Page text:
Four years ago, I drafted a post about PC-TEA, a pretty confidential developer created by Pat Gainier that I tried to reproduce from his website. Since then, I used it several times, mainly for contact sheets, and forgot about it. Lately, I have been once again researching a cheap, reliable, and more eco-friendly developer than the Pyrocat HD that I use on a regular basis.
In my lab gear, I dug up a little glass bottle I made in 2016, nearly full. I decided to test my luck and give it a try on an entire roll of film.
How does it work?
OK. Before going any further, you do need to know how a developer works. I do not want to go too deep into the details but it still might be painful for those of you who do not care about chemistry that much — you can skip this part —.
For the rest, get into your lab coats and hold on to your butts, we are going for it.
The photographic developers acts in a reduction–oxidation reaction (redox).
Every developer on the market contains at least three active parts (and an optional extra one):
- A developing agent, usually a phenol: The developing agent is what will actually paint your photo, by transforming the latent image into metallic silver. In most developers, the developing/reducing agent is from the hydroquinone family (like in ID-11) or metol.
- An activator: by reacting, the reaction changes the developer pH. If that pH is too low (too acidic), the developing agent gets oxidised and the reaction slowly stops. The developing agent needs a basic solution in order the reaction to be completed. That is why a developer always has a basic compound in the mix. It usually is sodium carbonate, or sodium hydroxide.
- A anti-oxidation agent, which will prevent the aerial oxidation, especially from the storage duration.
- An anti-fog agent: Optional. It allows the developer not to contaminate empty areas during long development times. It usually is Potassium bromide.
OK you can relax, that is all you need to know about developers! If you want to see a fun experiment, you can check out my Caffenol article, about making a developer out of washing soda, coffee and vitamin C!
So why make a new developer?
The all-star developing agent is Hydroquinone. It gives great results. The problem is that Hydroquinone it is a mutagen and may even cause cancer. Most phenols are dangerous anyway. The developing agent in my to-go developer is Pyrocatechol, which is highly volatile and even classified as a poison.
The developing agent in PC-TEA is much nicer: It is based on phenidone and ascorbic acid (vitamin C). Phenidone has a low toxicity and does not cause skin irritation (only toxic if ingested). And vitamin C, well, you know already (oranges, peppers, broccoli, all the good stuff). The only issue with these two compounds is that they oxidize REALLY fast and are therefore pretty sensitive to oxygen (and that is why you should drink your orange juice FAST before it all disappears — this post is not affiliated with Minute Maid—).
The other great aspect of PC-TEA is, as its name might state, it uses TEA. TEA is not the nice Darjeeling you are thinking about, but another name for triethanolamine, which is a harmless chemical used in A LOT of beauty and medical products. It emulsifies creams and shampoos and adjusts and buffers the pH. This is exactly where it gets interesting. Unlike water, TEA by itself is a basic solution that keeps the phenidone and the vitamin C from oxidizing. It basically plays both roles of the activator and the saving agent.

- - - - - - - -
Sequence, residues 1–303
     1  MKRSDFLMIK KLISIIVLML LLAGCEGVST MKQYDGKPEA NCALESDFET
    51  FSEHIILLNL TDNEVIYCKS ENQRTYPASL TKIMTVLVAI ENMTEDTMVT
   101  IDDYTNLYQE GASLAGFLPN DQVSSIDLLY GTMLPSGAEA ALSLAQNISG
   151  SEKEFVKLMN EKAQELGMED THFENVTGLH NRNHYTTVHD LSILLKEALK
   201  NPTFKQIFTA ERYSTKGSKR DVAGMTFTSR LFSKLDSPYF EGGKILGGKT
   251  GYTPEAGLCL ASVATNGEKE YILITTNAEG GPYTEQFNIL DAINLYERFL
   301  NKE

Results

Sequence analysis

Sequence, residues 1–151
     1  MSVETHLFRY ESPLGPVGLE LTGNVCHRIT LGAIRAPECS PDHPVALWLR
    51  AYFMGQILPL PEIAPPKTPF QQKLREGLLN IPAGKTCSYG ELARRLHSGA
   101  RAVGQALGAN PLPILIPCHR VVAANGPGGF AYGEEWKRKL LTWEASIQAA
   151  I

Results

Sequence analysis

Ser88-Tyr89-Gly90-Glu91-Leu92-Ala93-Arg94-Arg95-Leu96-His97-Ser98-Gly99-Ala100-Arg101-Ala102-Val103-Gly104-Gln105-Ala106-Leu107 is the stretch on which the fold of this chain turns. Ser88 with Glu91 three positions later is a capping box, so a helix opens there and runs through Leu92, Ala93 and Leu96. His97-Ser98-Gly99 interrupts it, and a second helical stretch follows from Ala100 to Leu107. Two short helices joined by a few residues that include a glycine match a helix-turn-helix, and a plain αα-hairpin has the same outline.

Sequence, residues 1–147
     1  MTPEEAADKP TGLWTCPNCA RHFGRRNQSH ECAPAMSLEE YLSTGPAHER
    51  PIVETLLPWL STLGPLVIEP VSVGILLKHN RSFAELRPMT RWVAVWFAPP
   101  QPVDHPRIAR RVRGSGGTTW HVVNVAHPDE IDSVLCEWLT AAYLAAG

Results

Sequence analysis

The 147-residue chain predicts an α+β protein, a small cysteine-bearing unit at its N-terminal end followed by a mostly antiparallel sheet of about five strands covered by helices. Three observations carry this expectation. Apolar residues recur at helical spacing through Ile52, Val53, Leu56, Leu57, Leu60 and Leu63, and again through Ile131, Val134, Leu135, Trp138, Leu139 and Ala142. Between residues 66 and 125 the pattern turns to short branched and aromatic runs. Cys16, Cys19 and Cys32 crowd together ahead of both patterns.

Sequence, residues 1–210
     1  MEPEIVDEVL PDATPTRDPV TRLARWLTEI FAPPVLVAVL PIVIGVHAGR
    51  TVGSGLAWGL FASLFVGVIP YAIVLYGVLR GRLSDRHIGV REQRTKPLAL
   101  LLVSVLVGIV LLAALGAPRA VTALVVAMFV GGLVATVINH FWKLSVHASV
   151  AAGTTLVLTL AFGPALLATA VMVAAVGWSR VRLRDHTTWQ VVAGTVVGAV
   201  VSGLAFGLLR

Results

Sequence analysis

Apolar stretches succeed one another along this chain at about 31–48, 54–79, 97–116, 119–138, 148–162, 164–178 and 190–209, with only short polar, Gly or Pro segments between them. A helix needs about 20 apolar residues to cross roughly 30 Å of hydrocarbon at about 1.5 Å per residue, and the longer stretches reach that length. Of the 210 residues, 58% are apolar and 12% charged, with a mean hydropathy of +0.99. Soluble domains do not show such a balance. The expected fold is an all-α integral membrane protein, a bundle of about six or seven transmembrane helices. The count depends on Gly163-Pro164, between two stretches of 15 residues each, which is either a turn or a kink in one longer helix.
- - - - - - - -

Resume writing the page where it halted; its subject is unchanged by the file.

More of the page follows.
TEA therefore allows to have a virtually infinite shelf life, and this article proves it. Four years after making the solution, it still works perfectly!
The recipe for a perfect cup of PC-TEA
Get into the kitchen, it is time to cook!
Here is the Recipe for a perfect cup of PC-TEA
|TEA||Activator, protects against aerial oxidation||100 ml|
|Ascorbic Acid||Developing agent||9 g|
|Phenidone A||Developing agent||0.25 g|
|Potassium Bromide||Anti-fog||0.2 g|
The goal is to heat the TEA at about 250°F (120°C), adding the ascorbic acid and bromide and stir until it is completely dissolved, which, believe me, can take quite a long time.
By the time the ascorbic acid has dissolved, the temperature of the solution should have dropped to below 150°F (65°C). It is then time to add the phenidone and stir again until dissolved.
The key of the recipe is constant stirring. It is exhausting. It feels like the powders never properly dissolve. When done, the color can be yellow to light brown. This is due to the high temperatures and does not affect the recipe. After a few years, the solution gets darker and darker (like a nice tea, get it?), due to the slow oxidation that the TEA cannot contain. So far, I did not see time adjustments and continue to use it as new.
The usual development times are around 10 minutes.
For use, dilute it either 1:50 or 1:100 with water.
Yes, you read correctly. 1:100. That soup sure is cheap!
In a word, you have a relatively low toxicity developer, that keeps forever and does not cost anything per roll of film. What else could you possibly want?
STILL NOT CONVINCED?
Here are some pictures taken in 2018, and processed in PC-TEA. I will post more as soon as I get back to my lab.
Shot on Nikon FE in August 2018, on Ilford HP5+ and processed in PC-TEA